What’s comparative judgement?
We make relative judgements more intuitively than absolute ones. For example, ‘Which of these books is heavier?’ is easier to respond to than ‘how much does each book weigh?
Psychometrics pioneer Louis Leon Thurstone proved this with his Law of Comparative Judgement. We took his theorem, and applied it to our technology along with some very clever mathematical algorithms. Our ‘Collaborate’ and ‘Measure’ features, which are powered by Adaptive Comparative Judgement, were born.
How our technology works
We teamed up with mathematicians and researchers at the University of Cambridge and Goldsmiths, University of London to develop and build the technology, based on user needs. After developing the core functionality, we then went on to work with accreditation bodies and academic institutions to successfully test the application of this groundbreaking approach.
Users access the ‘Collaborate’ and ‘Measure’ features from Digital Assess. They’re presented with successive pairs of work and, in each case, are asked to judge which of the pair best meets the stated assessment criteria. They can also add feedback about the work, which remains anonymous and can be used to support summative judgements or provide constructive feedback to students as part of a formative assessment for learning led approach.
The technical bit
Behind the scenes, the algorithm analyses the judgements dynamically as they are being made to generate a scaled rank order based on the collective consensus of all of the judges. Work can then be accurately graded according to the scaled ranking and shared with each learner, along with the feedback.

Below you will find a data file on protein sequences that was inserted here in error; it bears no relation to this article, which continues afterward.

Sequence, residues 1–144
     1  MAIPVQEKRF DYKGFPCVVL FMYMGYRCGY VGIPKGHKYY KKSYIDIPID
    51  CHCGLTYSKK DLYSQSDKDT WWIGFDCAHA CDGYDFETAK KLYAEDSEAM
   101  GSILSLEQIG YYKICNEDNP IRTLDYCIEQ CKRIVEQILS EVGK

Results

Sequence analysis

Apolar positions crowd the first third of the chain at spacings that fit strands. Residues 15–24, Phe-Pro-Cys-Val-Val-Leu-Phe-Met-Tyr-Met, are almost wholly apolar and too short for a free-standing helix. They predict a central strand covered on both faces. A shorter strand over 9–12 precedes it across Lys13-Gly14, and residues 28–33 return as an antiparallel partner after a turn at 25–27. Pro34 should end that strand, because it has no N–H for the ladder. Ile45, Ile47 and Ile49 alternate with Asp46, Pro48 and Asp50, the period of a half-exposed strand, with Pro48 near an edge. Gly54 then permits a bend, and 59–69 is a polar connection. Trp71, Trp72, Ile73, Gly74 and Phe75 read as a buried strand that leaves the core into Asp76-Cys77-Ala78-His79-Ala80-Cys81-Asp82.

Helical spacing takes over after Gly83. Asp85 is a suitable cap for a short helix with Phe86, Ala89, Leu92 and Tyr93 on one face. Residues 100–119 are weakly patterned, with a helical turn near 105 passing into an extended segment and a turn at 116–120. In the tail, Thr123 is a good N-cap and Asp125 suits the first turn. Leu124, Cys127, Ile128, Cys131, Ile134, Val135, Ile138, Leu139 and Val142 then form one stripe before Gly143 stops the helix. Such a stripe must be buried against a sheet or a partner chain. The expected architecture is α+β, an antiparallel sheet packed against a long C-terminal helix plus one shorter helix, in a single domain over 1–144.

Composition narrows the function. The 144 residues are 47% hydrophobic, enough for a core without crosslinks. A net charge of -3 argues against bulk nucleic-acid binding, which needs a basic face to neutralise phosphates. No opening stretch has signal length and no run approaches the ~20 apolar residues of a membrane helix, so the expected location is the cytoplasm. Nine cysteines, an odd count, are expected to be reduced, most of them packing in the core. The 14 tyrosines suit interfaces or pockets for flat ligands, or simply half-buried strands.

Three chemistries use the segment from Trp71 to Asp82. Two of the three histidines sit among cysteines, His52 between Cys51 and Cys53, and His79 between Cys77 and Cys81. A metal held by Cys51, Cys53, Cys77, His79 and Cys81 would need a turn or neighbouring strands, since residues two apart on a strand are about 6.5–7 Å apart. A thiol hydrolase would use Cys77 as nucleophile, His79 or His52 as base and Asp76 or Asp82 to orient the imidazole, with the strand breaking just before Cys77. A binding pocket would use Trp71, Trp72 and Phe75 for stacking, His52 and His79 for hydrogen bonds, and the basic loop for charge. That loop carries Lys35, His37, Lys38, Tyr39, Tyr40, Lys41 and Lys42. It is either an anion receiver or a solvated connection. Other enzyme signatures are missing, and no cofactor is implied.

The approach offers exceptional accuracy for both peer-to-peer and educator assessment – up to 98% reliability for open-ended assessments, which is far superior to that which can be achieved by conventional marking. The learning process itself vastly improves. Our customers, including The University of Edinburgh, also found that multiple user input gives learners a deeper understanding of subject matter and stimulates analytical thinking.
At the same time, learners gain a clearer sense of what they’re being assessed on by being involved in the assessment process, thus by ‘showing, not telling’.
Assistant Principal of Learning and Development, University of Edinburgh
final year student and 2015 Students’ Association President, University of Edinburgh